Our first destination in Canada was a campground very close to the town of Banff, which is a much larger town than we expected. It is very crowded and quite touristy but the setting is magnificent. We spent two nights there while we explored the area. The scenery is pretty amazing and quite unlike anything we've come across. Towering mountains and glaciers are reflected in numerous turquoise lakes.
We saw a lot of wildlife, including this baby bighorn sheep peeking out from the bushes - too cute!
Lake Louise and Takakkaw Falls
This area is in Banff National Park but different from the area around the town of Banff. Lake Louise is a much smaller town and the focus seems to be more on the outdoors than on shops and bars. The lake itself is that fabulous turquoise color and surrounded by glaciers and steep mountains.
We took a drive up to Takakkaw Falls, which is one of the largest falls in Canada. The water comes from melting glaciers and was shooting straight out at the head of the falls. Very impressive. Takakkaw in Cree means 'it is magnificent' and it definitely is.
The Icefields Parkway
Aptly named, the Icefield Parkway passes within viewing distance of seven icefields and about 25 smaller but still notable glaciers. It is roughly 140 miles long and protected by two national parks - Banff and Jasper. It is a leisurely drive with many pullouts along the way with scenic overlooks or short hikes to scenic overlooks.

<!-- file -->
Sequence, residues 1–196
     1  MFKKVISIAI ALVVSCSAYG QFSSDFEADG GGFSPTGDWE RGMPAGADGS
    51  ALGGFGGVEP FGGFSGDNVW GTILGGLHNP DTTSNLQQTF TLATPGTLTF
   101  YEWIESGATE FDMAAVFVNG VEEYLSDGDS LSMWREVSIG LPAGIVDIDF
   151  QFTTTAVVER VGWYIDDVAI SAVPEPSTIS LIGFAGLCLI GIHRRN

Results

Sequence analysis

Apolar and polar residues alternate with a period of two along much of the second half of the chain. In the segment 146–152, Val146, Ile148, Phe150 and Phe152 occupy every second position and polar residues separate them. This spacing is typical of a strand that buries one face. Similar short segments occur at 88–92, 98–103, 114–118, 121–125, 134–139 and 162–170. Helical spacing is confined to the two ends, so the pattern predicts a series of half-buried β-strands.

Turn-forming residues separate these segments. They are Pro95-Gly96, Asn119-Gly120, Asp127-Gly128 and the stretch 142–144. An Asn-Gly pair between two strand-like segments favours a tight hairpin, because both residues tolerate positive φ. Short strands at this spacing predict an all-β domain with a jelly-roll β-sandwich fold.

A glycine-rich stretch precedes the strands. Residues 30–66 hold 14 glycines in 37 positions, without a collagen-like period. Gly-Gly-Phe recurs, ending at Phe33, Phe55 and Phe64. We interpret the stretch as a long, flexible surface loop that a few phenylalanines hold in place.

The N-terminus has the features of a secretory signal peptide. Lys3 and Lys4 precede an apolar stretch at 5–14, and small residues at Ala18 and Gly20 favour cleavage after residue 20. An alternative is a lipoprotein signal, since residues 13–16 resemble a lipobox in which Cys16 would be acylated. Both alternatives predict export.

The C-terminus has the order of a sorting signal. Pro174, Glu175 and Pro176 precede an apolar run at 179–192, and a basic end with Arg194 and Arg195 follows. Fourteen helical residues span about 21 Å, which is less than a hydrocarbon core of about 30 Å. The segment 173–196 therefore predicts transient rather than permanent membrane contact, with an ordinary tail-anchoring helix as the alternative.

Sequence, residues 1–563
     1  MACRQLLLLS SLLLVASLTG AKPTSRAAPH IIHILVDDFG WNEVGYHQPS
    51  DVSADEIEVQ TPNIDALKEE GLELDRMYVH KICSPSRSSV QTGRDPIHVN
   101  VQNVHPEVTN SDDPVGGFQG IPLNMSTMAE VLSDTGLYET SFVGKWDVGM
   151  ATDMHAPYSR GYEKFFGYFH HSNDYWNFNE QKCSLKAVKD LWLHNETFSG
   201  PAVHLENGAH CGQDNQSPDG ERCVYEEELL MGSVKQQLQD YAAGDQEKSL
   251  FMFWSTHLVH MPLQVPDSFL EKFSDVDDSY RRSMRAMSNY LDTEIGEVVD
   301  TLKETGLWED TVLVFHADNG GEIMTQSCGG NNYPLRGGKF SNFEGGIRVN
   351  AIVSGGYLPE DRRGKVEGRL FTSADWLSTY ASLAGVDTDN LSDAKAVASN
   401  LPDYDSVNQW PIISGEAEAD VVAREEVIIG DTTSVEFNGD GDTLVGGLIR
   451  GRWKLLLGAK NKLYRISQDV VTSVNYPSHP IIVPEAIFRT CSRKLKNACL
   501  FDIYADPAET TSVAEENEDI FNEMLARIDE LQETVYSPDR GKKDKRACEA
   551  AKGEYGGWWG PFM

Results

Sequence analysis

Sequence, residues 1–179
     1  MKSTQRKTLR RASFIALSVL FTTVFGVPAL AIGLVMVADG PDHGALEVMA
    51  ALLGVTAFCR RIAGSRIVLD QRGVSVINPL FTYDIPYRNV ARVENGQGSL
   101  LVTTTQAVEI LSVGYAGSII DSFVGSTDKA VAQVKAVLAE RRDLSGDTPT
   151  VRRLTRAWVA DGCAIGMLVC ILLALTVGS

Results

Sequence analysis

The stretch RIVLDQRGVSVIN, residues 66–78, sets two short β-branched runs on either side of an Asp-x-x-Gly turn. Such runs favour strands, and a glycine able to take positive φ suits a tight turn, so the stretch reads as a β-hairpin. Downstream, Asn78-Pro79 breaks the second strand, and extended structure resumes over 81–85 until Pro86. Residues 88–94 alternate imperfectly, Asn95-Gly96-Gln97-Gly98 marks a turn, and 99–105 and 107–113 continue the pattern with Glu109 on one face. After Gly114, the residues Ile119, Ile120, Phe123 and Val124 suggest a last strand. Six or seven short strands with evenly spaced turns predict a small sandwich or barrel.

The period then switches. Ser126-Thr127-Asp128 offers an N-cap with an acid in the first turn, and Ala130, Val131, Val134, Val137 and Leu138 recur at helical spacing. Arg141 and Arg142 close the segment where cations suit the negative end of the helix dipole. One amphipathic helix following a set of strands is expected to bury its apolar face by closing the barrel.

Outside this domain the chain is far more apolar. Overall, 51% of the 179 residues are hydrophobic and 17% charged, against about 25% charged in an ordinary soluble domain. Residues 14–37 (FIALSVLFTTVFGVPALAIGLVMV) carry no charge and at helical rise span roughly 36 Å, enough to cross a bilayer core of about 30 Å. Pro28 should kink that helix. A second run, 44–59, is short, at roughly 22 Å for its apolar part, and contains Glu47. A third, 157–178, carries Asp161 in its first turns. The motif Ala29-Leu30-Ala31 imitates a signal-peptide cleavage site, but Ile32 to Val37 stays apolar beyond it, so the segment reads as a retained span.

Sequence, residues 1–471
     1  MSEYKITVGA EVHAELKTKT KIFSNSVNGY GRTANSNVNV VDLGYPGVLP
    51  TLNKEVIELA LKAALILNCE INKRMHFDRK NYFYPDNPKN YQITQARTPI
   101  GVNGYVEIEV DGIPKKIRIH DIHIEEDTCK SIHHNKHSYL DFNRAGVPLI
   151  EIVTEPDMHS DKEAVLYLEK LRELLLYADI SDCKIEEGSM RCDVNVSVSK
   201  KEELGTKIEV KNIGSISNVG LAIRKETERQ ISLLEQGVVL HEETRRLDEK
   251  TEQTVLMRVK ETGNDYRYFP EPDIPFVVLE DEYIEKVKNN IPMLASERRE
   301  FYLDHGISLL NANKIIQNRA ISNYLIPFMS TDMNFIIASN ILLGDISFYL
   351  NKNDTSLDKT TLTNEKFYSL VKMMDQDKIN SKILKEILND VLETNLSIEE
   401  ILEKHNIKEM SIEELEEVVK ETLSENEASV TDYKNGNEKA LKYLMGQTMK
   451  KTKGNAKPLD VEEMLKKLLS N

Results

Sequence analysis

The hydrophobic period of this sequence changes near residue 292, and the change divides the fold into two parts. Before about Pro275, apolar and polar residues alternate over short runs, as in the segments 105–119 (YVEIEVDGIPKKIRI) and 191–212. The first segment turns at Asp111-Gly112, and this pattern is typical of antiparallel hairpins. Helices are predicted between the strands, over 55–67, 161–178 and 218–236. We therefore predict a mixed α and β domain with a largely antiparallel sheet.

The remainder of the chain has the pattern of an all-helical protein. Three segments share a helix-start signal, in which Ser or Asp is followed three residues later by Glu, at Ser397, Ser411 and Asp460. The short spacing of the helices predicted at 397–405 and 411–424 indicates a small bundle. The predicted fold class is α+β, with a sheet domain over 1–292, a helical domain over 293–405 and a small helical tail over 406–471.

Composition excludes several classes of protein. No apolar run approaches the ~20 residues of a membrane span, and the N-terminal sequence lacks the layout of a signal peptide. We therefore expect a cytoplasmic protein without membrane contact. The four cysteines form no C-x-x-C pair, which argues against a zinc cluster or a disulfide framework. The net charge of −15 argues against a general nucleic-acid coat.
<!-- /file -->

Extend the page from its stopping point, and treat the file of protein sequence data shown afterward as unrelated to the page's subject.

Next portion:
Many seasoned travellers call the Icefields Parkway the most beautiful road in Canada and it is rated one of the top 10 drives in the world. We haven't been everywhere in the world but certainly rate it among our top drives. The entire length and surrounding area is a World Heritage Site.
We drove approximately half the length of the parkway to reach the Icefield Center at the Columbia Icefield. Here you can either pay to take a bus tour onto the glacier or hike to the edge of the Athabasca Glacier. We decided to hike. Along the way there are signs showing where the foot of the glacier was in various years. Sadly, we found the distance to be shorter and shorter as time went on. The Athabasca Glacier, like most other glaciers in the world, is rapidly retreating. Another clear sign of global warming. The sign in this picture is from 1982 - hard to believe the glacier was at that point just 28 years ago.
It's hard to describe just how stunning this area is. Very spectacular and well worth the trip - I'm sure we'll be back.
From the icefields to the desert. The Okanagan Valley lies at the north end of the Sonoran Desert and was quite a contrast to the temperatures we had experienced in Banff National Park. We saw rafters on the river and many many campers and boats on the lakes in the valley.
We stayed in Oliver, which is at the south end, very close to the border. It was recommended to us as a low-key place to stay while visiting the many wineries and we weren't disappointed. We went to several wineries and were very impressed with the quality of the wine we tasted. This is the premier wine area in Canada and the wines and wineries reflect that. The wine is only available in Canada so we weren't familiar with the vintners, but would highly recommend it to those of you who love good wine.
A trip to British Columbia just isn't complete without a stop in Vancouver, one of our favorite cities and home to some of our favorite people. Once again Matt and Roberta, friends from the Vieques days, were great hosts. As usual we ate way too much great food - Vancouver has to be one of the top places to eat with a huge variety of ethnic restaurants to choose from. We spent time at Granville Island and Stanley Park. It was a great way to end our Canadian adventure - I'm sure we'll be back.